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Gisela raises a glass of whisky to 100th year

A member of the Jewish community has celebrated her centenary, marking her 100th birthday with a toast of her favourite tipple whilst enjoying a party surrounded by friends and family.

Gisela Feldman shared her big day with fellow tenants, residents, and the team at Belong Morris Feinmann care village, Didsbury, south Manchester, where she resides. Her special party featured gifts and birthday cake, alongside her congratulatory card from their Majesties, King Charles and Queen Camilla.

Speaking of the secret to a happy life, Gisela Feldman candidly said: “A drop of whisky every night!”

Along with younger sister, Sonja, Gisela has dedicated her life to Holocaust education and both sisters were awarded a British Empire Medal (BEM) in the 2020 New Years Honours list.

The pair fled Nazi persecution in 1939, along with 900 Jews, travelling via sea to Cuba on a journey now coined the ‘Voyage of the Damned.’ The ship was denied entry to the country and later, the USA, forcing it back to Europe where some of the refugees were rehomed throughout the continent. Others less fortunate lost their lives, along with the sisters’ father and 30 of their relatives.

 

Belong’s Experience and Cultural Co-ordinator, Angela Luckett, said: “Gisela is a very special lady with an incredible life story and it was a delight to bring her family, including those all the way from America, and her friends together in the village to celebrate her big day. She is an inspiration to all of us, with her readiness to share her personal experiences and commitment to keeping alive the memory of those lost in the Second World War.”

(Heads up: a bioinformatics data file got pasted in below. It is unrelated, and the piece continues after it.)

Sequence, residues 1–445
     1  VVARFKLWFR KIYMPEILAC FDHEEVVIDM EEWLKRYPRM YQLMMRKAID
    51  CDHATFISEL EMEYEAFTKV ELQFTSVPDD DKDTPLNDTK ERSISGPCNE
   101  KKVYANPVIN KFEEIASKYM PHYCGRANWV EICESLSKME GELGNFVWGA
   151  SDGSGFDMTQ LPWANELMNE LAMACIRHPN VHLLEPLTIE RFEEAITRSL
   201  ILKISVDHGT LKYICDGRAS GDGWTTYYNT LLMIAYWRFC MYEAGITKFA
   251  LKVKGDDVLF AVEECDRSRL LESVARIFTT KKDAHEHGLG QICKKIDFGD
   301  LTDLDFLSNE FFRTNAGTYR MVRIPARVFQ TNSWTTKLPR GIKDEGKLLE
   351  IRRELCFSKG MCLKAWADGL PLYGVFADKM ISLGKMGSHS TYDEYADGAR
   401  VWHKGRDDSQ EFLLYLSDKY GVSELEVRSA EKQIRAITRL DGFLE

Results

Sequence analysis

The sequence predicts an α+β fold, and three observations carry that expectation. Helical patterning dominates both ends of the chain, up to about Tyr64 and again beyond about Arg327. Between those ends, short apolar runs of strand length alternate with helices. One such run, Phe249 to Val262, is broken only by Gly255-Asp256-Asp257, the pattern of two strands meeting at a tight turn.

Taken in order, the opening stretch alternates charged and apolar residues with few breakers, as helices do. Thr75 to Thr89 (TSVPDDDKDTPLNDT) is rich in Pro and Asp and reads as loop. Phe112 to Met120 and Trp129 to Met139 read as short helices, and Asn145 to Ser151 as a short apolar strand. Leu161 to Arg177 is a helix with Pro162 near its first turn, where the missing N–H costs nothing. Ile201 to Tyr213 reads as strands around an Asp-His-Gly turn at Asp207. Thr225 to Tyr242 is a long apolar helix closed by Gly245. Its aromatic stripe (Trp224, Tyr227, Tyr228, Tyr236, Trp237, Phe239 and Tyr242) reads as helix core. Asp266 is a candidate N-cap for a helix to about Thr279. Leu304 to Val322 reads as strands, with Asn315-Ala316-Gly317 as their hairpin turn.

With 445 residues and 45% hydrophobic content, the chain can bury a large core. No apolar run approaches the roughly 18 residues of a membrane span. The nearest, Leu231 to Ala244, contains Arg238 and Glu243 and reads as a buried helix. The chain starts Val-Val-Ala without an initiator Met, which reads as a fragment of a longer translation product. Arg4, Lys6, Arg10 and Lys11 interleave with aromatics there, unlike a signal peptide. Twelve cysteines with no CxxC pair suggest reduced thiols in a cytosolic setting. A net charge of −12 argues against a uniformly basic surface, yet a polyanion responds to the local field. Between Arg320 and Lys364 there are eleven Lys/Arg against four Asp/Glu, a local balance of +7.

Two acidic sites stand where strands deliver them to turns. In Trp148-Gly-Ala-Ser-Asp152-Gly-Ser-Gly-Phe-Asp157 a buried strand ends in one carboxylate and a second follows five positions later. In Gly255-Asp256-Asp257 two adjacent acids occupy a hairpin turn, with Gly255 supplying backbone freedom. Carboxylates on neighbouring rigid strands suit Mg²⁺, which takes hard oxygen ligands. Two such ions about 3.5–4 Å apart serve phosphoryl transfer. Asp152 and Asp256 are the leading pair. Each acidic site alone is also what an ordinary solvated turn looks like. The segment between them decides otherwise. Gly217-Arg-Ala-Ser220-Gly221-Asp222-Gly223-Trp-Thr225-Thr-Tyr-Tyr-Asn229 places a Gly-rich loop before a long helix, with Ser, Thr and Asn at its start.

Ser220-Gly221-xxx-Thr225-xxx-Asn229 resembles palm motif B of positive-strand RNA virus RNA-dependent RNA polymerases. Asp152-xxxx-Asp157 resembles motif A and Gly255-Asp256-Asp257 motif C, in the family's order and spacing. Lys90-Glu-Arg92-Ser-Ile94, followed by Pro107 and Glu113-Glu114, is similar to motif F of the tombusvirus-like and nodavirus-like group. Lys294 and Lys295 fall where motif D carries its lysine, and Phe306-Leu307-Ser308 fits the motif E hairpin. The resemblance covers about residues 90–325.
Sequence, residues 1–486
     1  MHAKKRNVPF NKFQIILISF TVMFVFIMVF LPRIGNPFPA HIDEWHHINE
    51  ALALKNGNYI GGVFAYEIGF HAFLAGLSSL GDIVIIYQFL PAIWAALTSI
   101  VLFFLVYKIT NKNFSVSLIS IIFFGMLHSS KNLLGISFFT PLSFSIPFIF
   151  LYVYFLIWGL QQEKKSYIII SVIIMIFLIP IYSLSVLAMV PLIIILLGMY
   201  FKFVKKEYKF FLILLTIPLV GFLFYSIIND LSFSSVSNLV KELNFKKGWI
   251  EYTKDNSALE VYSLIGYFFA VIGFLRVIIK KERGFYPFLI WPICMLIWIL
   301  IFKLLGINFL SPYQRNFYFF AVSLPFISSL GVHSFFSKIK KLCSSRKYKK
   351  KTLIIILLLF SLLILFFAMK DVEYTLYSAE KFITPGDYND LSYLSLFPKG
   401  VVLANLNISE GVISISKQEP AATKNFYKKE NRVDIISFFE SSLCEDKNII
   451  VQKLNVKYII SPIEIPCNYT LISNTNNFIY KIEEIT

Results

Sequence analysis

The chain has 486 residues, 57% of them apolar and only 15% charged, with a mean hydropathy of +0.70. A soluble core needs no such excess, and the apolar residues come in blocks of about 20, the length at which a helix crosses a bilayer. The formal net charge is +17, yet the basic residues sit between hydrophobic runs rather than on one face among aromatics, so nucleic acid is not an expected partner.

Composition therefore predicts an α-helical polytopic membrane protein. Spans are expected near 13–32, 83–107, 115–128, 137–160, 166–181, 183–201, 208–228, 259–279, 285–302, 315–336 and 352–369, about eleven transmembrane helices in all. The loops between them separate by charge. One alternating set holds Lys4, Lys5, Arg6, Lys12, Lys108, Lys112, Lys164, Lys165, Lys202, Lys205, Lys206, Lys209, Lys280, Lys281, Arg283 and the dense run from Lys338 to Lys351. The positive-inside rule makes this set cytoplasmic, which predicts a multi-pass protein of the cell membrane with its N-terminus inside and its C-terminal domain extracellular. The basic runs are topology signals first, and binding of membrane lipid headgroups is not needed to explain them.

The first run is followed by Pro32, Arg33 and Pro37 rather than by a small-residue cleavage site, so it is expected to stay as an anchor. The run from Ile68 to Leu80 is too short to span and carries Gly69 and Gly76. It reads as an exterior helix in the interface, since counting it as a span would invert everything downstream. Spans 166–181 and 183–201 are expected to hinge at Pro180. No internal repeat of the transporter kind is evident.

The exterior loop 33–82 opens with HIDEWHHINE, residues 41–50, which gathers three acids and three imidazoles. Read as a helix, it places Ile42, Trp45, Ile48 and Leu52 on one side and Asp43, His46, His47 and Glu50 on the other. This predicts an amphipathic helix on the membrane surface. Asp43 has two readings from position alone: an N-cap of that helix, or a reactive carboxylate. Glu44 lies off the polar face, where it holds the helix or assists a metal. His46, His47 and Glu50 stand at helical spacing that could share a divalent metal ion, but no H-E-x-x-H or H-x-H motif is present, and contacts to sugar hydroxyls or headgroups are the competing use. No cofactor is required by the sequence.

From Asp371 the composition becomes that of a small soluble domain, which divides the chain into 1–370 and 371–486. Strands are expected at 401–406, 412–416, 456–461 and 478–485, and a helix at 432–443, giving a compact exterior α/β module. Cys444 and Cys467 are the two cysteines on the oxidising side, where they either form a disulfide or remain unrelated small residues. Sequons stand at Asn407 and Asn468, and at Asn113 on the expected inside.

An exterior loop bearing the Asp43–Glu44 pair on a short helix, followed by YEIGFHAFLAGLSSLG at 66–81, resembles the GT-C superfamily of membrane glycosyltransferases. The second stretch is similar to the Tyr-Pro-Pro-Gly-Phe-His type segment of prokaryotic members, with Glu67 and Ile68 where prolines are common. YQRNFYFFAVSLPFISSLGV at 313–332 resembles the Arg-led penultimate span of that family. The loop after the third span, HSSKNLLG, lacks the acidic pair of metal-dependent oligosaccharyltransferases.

Last year, Gisela and Sonja’s stories were documented alongside portraits prominently displayed in Belong Morris Feinmann’s synagogue. The special exhibition shares the experiences of five Holocaust refugees and a survivor living at the care village, honouring them and the millions who suffered persecution at the hands of the Nazis in World War II.                    

Their home’s foundations were borne out of the community’s plight, having originally been set up by Jewish refugee, Morris Feinmann, to help Jews fleeing Europe in WWII to settle in Manchester. Today, it is operated by not-for-profit dementia specialist, Belong, with care provided for those of all faiths, though primarily for the Jewish community, supporting them in observing and celebrating the Jewish way of life.            

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